He lived in a town called Duckburg and his name was Scrooge McDuck and if you spent afternoons after school watching Disney’s Duck Tales you knew he was the richest duck in the world and for me that was enough convincing that there was no other being, dead or alive, more inspiring than that fine feathered coot.
Scrooge McDuck had money. Not just loads of it. Vaults of it. Fewer images have resonated more with me than that old duck swimming in his Money Bin. When I was one of those kids who sat too close to the TV, I longed to spend my empty feeling afternoons the way he did. The way he would trade his top hat and blue gold-buttoned frock coat for a striped one-piece swimsuit to go for his daily dive into his vault of dubiously-earned dollars incited a riot in my young heart unmatched by future first kisses or green participation ribbons.
McDuck’s stacks of cash grew out of mounds of gold coins and I marveled at his excitement every time his bulging eyes turned into over-sized Vegas slot machine dollar signs. As he backstroked his way through the cold hard coin, I’d sink into my sagging beanbag chair feeling warm with the dream of such a fortune. With one leg resting over the other, I sat back with my hands clasped behind my mussed head and wished for the day that the Monopoly money I’d spent collecting would be recognized as valid and legal tender.
Sometimes in the privacy of my bedroom I would gather my fake piecemeal fortune. I kept stacks of faded Monopoly money in a cigar box underneath my bed for safekeeping. I’d collected it from thrift stores, garage sales or negligent neighbors. Carefully handling the pastel currency, I formed stacks of the counterfeit on my Mickey Mouse bedspread. I’d sit Indian style, letting my open hands hover over it, my fingers tingling with anticipation and restraint before mixing them together and gathering it up into my arms to throw it above my head pretending that I shared McDuck’s financial rain cloud. I wanted it all, but I especially wanted to shoot cold coins out of my mouth without the risk of choking. I wanted to taste the end of the rainbow.
Maybe I was just ten years old and in need of a hero. A duck-billed role model would have to do. My dad wasn’t much of a businessman; his rainbows always led to pink slips and credit cards with limitless debts. He didn’t have webbed-feet or a pince-nez. Just a fungal foot infection and perfect vision. Every couple of years he lost his job and the Kraft Macaroni and Cheese Blue Box Blues descended upon our household.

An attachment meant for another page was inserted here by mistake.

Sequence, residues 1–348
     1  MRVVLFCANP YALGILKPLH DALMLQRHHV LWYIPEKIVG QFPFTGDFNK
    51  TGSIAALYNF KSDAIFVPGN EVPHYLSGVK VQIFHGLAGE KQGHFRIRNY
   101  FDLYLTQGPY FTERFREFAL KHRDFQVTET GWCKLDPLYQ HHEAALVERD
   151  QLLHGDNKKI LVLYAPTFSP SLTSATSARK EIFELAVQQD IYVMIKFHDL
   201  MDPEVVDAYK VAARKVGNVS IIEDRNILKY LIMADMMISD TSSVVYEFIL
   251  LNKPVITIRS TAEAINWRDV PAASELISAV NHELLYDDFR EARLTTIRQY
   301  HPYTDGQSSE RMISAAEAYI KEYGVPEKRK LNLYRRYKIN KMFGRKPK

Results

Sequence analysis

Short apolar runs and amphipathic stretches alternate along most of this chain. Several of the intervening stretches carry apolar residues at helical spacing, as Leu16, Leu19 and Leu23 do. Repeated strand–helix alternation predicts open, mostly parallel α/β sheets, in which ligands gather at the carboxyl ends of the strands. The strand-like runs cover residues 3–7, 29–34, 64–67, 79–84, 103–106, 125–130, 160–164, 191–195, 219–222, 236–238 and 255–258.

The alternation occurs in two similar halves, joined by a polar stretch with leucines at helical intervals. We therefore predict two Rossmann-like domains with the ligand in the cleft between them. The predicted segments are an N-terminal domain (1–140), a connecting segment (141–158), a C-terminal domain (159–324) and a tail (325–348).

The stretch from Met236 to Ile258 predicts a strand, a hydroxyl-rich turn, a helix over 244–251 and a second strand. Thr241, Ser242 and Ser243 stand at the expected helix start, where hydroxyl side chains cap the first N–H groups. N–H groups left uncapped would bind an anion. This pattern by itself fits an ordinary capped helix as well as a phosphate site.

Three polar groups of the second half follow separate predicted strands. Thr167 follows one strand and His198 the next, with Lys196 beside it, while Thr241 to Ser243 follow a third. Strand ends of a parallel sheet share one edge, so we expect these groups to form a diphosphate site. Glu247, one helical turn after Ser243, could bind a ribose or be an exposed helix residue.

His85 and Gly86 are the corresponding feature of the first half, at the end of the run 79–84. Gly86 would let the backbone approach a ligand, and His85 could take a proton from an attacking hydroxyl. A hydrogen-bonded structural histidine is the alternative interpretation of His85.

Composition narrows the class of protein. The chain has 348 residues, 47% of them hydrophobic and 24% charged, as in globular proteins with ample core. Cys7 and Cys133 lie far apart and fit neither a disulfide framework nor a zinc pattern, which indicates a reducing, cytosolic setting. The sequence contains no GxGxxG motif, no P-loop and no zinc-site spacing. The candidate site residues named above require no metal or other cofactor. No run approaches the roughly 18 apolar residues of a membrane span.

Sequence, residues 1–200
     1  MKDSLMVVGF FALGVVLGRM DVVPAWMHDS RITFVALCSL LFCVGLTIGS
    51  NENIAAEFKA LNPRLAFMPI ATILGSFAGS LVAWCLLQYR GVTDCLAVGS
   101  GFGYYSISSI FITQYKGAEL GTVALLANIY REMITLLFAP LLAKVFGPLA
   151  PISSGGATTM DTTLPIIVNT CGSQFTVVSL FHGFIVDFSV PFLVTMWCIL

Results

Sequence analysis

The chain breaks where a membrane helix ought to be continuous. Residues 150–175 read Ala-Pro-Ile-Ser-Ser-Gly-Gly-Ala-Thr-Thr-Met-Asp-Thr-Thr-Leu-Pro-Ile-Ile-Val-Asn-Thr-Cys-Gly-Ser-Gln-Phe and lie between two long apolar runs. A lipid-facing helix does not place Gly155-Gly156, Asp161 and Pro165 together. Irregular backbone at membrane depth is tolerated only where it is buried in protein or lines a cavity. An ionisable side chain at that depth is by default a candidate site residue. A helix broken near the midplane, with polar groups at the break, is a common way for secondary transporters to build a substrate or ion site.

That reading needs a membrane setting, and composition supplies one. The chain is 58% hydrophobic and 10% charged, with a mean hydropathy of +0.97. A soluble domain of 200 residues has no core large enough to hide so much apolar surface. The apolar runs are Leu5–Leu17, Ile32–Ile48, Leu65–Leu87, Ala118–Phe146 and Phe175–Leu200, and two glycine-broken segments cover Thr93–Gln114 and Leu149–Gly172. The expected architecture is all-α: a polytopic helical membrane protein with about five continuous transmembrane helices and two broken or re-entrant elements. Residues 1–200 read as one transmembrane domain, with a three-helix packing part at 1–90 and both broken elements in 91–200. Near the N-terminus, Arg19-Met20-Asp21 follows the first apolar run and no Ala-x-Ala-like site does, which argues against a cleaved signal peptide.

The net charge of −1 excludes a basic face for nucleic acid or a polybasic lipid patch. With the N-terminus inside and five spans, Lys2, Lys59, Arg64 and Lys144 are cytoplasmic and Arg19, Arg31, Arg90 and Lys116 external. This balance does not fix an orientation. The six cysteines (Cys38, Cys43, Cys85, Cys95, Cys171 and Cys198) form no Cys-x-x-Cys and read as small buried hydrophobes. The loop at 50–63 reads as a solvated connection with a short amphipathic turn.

While watching Scrooge swan dive into his dough, I’d catch the sound of my mother God-damning the receiving end of the wall phone, smashing it into the cradle with enough force to satisfy her need for blame, but not enough to actually break it. Act One, Scene Two in the theatre of domestic unrest had her in the kitchen shaking and rattling the blue box. The macaroni would be the entrée accompanied by a side of golden tater tots. My mom didn’t need to tell me the news. All it took was the sound of the old cookie sheet screeching against the oven rack. Before I knew it the golden tots were flying through the air, hanging for a moment before falling across the floor in a crispy cascade. The cookie sheet hit the wall and then the floor. The metal on tile echoed. The sound of an empty vault. Whoever says money can’t buy you happiness hasn’t dodged hot trays of Ore-Ida tater tots.
When everyone went to bed, I’d reach under mine and pull out my old spaghetti sauce jars full of pennies. I’d change into my own swimming gear, a hot pink one-piece with a pilled-bottom. We’d all weathered better summers. In the bathroom with the door locked, I would place my saved pennies in the tub. They hardly covered half the length, but I stopped the drain with a washcloth scared to lose even a cent. There I put myself down, too shallow for any kind of diving, closed my eyes and briefly dreamed about swimming in my money as I wiggled my featherless body over the surface, puckering my lips as if spitting coins high into the vaulted heavens where pennies were supposed to come from.